The following post is the eighth in a series that is excerpted from my upcoming book Return to Our Senses, which will be available in mid November. It is already available through Mustard Seed Associates at a pre-publication discounted price of $15.
Twitter, blogging, Facebook and other social media have all become popular tools for prayer and the formation of spiritual community in the last few years. Virtual churches abound and a growing number of people are turning to the internet as their primary spiritual community.
Neal Lock, one of the organizers of First Presbyterian Church of Second Life believes that technology is a part of God’s creation and a gift that we can use for good, twist to evil or ignore. He explains: Gutenberg’s printing press changed the world, paving the way for the Renaissance and the Scientific Revolution. Because it made possible the Reformation, it also brought drastic changes to the church, changing almost every visible aspect of Christian worship and theology in just a few generations. In our generation, the internet and digital communication have already brought about drastic changes, and will continue to transform the church in sweeping and dramatic ways in a short span of time.
He goes on to remind us that, church participation in the past few decades has been in steep decline. Yet, as millions of people leave behind their communities of faith, millions more are finding community online, in places that a few years ago wouldn’t have even qualified as places. Worshiping communities of Christians are also beginning to appear online, especially taking root in 3-dimensional synthetic interfaces known as Virtual Realities, or Virtual Worlds.
As I think about this and try to get my head around the possibility of attending a virtual church, I am reminded of what Erik Qualman author of best selling Socialnomics says. He challenges us to consider that we don’t have a choice as to whether we do social media or not. The question, he believes, is how well we do it.
Its true. The internet is here to stay and in the last few years it has become more portable, social, fast paced, and ever present. If Facebook were a country it would be the third largest in the world. Snail mail and long distance phone calling have given way to texting, Skype and online chats. Tablets and smart phones keep us connected 24/7.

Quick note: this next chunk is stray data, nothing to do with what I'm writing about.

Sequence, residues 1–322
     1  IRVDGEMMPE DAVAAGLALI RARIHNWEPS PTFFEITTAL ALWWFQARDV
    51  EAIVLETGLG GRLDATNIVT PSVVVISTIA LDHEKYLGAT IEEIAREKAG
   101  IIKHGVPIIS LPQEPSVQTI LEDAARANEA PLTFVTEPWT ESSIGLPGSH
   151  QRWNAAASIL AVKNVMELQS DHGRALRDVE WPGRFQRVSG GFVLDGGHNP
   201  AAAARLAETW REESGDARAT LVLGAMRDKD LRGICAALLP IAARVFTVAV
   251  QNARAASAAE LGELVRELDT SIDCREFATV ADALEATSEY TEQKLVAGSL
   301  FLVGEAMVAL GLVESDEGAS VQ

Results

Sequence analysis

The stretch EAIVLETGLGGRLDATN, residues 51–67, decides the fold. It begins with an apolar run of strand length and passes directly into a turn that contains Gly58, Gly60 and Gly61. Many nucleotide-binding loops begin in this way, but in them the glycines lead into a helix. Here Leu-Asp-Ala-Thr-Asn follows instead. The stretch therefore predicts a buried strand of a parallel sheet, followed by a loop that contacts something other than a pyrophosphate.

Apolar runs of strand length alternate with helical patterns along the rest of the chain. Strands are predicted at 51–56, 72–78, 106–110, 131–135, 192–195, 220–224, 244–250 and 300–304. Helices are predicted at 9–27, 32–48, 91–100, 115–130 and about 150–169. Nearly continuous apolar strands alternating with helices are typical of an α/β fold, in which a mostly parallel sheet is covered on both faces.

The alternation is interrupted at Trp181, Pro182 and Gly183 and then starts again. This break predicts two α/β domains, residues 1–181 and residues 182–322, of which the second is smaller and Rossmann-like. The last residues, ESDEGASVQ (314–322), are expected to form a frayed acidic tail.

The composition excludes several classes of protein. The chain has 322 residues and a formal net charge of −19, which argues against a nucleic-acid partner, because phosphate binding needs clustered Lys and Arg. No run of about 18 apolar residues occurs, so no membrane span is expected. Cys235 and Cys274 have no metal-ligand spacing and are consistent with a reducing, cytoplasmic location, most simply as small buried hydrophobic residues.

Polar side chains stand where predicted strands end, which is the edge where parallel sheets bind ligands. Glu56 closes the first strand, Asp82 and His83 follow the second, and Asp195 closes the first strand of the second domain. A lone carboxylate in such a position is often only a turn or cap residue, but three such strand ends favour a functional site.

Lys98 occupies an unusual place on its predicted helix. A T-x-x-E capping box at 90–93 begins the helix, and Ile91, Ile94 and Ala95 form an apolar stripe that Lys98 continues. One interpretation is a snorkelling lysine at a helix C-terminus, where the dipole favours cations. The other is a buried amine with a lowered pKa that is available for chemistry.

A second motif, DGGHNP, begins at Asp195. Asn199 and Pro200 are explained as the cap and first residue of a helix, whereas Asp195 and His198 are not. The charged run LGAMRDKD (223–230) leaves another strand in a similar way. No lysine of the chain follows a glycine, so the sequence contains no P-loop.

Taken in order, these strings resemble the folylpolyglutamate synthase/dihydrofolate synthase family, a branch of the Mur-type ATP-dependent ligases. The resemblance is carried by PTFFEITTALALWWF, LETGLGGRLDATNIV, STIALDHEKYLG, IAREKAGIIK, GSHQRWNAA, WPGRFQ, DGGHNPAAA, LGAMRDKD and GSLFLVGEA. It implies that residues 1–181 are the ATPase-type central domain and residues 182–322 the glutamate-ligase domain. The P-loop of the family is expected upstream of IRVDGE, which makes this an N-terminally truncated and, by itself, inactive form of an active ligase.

Even our everyday spirituality is effected by social media. We post our prayer requests, events, photos and our spiritual struggles on Facebook and other social media sites. We can “like” Mother Theresa, Wendell Berry, St Francis of Assisi and many others for daily prayers and inspiration. We can listen to daily prayers like http://prayasyougo.org and download them onto our phones or tablets. We can follow those who post prayers or Bible verses on Twitter. Or we can read reflections from bloggers like ChristianDroid who seeks to combine Christianity and technology to enhance our lives. We can even use social media feeds to keep us in touch with breaking news, our favorite missions and the needs of our world. The options seem to be limitless and sometimes overwhelming. How we interact with social media and incorporate it into our faith is an important question for all of us to grapple with as we seek to shape our prayer life.
There is no denying that many of us benefit daily from these technologies but there are definite downsides too. They speed life up so that we often don’t have sufficient time to think about and act on what is really important for our ongoing salvation and walk with God. Our minds become cluttered with too much information that further fragments our sense of reality. We can become like robots moving through a web of activities deprived of time for what is essential to nourish our soul and to cultivate our spiritual growth. In this mad rush we forget that our aim above all else in this life, is to seek union with our loving God.
According to Tony Dokoupil, a senior writer at Newsweek and The Daily Beast, the current incarnation of the Internet—portable, social, accelerated, and all-pervasive—may be making us not just dumber or lonelier but more depressed and anxious, prone to obsessive-compulsive and attention-deficit disorders, even outright psychotic. Our digitized minds can scan like those of drug addicts, and normal people are breaking down in sad and seemingly new ways. One recent research project suggest that social media may be more addictive than cigarettes or alcohol. When 200 University of Maryland students agreed to go without social media for 24 hours–no cell phones or computers–their reaction was akin to drug withdrawal.
The most concerning drawback to internet community is this ability to distract us from work, family and face to face interactions sometimes to an addictive extent. Avoiding people we don’t want to talk to is much easier when we can “talk” to friends around the world without even needed to getting out of our chairs. The temptation to check, what our friends and acquaintances are doing, how many likes and visits our blog posts get, or even just to pass on prayers and breaking news we enjoy can at the least soak up our time and energy. At the worst we become obsessed with the kudus, criticisms and hopes that our posts will go viral.
Maintaining the disciplines that balance time spent on line with other aspects of life is not always easy. Some of us blurt out all our thoughts and intimate struggles to strangers with few if any inhibitions. How often do you take your struggles and concerns to Jesus before sharing them on Facebook or Twitter?